PETA - Jason & Kori of Mates of State

To the best of my knowledge, PETA’s only made a few print ads featuring equally naked couples; this ad featuring Jason & Kori of Mates of State is one example. I actually like this ad, because I don’t think it’s pornifying to either of the two models. There’s also equal-opportunity nudity – a standard I think PETA needs to meet if they want to claim that their naked ads aren’t sexist, but merely sexual and fun. As it stands, they’re much more likely to depict women models partially or completely naked than they are men.

Still, I think there’s room for improvement: I’d love to see some same-sex couples (nude or otherwise), as well as a woman/man pairing in which the woman is fully clothed and strategically positioned so as to cover up her male partner’s, ahem, naughty bits. (Similar to John and Yoko, but with less skin for popular viewing.)

PETA (David Boreanaz)

Is there anything more adorable than a cute guy snuggling an even cuter pair of dogs? Methinks not!

Since the masculine gender role dissuades men from being compassionate, kind, empathetic, emotional, etc., ads which depict men being all of these things help to promote a very feminist message – while also showing support for animal welfare/rights causes. (Now if only PETA would permit more women to keep their clothes on while cuddling up to non-human animals.)

This ad is also reason #2 to add Bones to your Tivo schedule.

PETA (Shirley Manson)

My girl crush on Shirley Manson aside, I like this ad because, instead of insulting women who wear fur (and by “insulting,” I don’t mean insulting their moral character, which is well within the bounds of legitimate criticism, but insulting their physical appearance, usually through the use of sexist slurs), it shows the audience from whence their fur came. Namely, once-living, breathing, sentient animals. Robbed of their skin, now all that’s left of these creatures are bloodied, lifeless corpses, which will be disposed of like so much garbage. (I blogged about this ad series in greater detail here.)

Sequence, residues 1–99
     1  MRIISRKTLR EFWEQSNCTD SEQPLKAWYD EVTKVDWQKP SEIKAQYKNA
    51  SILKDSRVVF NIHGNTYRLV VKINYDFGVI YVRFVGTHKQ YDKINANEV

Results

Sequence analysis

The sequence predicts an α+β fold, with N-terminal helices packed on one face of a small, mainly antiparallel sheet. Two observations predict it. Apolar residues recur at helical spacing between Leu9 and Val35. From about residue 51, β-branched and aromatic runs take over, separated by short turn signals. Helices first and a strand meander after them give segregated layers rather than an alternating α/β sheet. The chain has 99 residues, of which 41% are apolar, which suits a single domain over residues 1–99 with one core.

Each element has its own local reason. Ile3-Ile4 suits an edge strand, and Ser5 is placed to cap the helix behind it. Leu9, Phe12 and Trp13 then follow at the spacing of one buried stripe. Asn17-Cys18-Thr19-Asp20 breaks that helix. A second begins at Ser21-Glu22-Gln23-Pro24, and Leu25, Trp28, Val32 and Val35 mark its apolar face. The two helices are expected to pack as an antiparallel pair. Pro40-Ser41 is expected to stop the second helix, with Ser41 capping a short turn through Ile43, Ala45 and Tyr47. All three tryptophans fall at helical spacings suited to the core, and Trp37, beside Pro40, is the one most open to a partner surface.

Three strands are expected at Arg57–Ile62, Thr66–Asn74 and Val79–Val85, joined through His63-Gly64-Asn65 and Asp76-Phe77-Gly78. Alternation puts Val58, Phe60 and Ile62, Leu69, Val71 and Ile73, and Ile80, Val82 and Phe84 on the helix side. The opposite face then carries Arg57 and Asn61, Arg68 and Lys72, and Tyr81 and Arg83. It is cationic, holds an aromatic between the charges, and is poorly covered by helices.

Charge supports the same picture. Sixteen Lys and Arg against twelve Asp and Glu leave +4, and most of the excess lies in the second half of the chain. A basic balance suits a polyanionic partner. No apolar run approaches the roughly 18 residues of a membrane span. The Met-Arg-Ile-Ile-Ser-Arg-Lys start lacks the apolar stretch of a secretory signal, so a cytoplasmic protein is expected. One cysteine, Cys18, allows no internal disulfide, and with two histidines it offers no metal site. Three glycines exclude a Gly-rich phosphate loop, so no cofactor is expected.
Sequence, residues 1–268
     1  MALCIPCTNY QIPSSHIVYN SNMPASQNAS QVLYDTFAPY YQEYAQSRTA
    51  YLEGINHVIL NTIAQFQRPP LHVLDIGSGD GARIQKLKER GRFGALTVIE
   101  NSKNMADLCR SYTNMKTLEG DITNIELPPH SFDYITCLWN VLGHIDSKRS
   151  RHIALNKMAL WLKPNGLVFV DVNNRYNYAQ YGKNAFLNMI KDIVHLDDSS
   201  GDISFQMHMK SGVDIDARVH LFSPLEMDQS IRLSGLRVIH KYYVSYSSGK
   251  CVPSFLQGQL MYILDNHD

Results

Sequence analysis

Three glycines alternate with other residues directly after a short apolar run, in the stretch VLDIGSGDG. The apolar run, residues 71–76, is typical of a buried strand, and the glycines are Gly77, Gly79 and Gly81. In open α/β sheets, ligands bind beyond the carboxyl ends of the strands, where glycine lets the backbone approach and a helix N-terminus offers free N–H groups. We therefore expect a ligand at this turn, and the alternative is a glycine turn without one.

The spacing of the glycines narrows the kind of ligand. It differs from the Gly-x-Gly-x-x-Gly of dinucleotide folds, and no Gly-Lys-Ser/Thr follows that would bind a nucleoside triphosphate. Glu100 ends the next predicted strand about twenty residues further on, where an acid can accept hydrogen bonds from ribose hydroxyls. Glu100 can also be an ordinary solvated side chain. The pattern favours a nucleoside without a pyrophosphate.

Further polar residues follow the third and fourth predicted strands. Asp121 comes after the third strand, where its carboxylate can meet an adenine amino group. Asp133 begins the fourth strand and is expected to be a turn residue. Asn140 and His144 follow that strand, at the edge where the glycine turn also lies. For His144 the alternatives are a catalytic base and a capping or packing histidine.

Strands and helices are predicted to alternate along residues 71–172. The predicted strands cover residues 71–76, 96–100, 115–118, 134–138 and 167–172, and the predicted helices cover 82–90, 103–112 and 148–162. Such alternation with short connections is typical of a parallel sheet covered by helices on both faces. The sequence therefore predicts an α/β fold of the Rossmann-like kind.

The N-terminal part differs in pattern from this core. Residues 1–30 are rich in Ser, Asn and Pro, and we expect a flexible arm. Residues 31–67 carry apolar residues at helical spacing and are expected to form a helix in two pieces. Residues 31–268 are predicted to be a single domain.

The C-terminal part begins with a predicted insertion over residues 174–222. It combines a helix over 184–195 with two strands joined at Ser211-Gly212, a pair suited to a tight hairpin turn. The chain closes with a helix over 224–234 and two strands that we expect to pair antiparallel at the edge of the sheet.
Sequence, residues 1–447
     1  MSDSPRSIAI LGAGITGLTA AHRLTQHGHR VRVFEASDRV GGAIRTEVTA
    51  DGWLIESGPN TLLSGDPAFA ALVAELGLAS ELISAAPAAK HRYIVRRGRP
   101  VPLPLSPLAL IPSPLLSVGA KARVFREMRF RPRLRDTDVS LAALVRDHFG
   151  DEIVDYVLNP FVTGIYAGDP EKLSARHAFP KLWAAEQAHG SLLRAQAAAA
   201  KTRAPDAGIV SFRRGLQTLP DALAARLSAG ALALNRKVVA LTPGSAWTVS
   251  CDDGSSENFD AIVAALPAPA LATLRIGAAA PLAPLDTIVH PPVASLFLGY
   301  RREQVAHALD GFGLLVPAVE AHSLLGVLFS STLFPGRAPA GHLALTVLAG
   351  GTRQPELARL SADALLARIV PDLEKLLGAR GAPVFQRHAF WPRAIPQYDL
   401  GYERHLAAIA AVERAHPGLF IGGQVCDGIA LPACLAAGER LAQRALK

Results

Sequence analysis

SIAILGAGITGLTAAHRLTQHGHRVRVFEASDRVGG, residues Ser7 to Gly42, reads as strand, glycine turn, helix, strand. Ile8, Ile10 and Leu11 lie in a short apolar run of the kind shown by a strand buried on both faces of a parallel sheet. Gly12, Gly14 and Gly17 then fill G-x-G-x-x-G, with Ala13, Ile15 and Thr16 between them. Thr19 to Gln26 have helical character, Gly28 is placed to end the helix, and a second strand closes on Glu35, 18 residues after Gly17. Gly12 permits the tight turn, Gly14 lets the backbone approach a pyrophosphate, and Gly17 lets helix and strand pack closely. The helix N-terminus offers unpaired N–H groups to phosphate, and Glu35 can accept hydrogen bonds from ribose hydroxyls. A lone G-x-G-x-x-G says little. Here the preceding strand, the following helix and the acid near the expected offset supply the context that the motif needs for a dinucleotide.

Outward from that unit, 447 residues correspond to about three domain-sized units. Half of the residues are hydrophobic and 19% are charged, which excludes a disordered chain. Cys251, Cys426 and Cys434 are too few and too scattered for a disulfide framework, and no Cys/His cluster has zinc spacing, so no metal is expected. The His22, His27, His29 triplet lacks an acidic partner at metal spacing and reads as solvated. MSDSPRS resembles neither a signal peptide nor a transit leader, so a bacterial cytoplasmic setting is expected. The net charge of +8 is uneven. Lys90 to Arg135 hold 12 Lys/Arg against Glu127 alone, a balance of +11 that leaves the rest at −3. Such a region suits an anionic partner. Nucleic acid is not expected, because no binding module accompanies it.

More of this, but with some dudes, please!

PETA (Kathy Najimy)

Last but not least, we have Kathy Najimy, another girl crush of mine. Like Leachmen, Najimi isn’t your typical PETA model (as Kathy Griffin might joke, Najimy’s thighs say that she takes a bite out of life). And yet, this ad depicts a larger, not-so-conventionally attractive woman as – gasp! – a sexual being. Oh, the shock and horrors! (I think it’s worth noting here that I’m just echoing mainstream sentiment. Me, I think Najimy’s funny and beautiful.)

Yes, one might argue that the dudes are objectified in this ad, but they’re really not showing much more skin than Najimy. That, and I think the bar for objectifying 1) the “greater” sex and 2) the sex that is assumed to have greater agency and drive vis-à-vis sexual relations is set that much higher.

Also, PETA has on occasion depicted acts of (implied) lesbianism for the male gaze, as well as showing group shots of naked women. Rarely do they include multiple naked dudes in a group shot, and they’ve never (ever!) shown (implied) acts of homosexuality. (Feel free to correct me if I’m mistaken – I’d actually like to hear that I am.) One singular shot of a ménage à trois involving one woman and two men is a start, at least.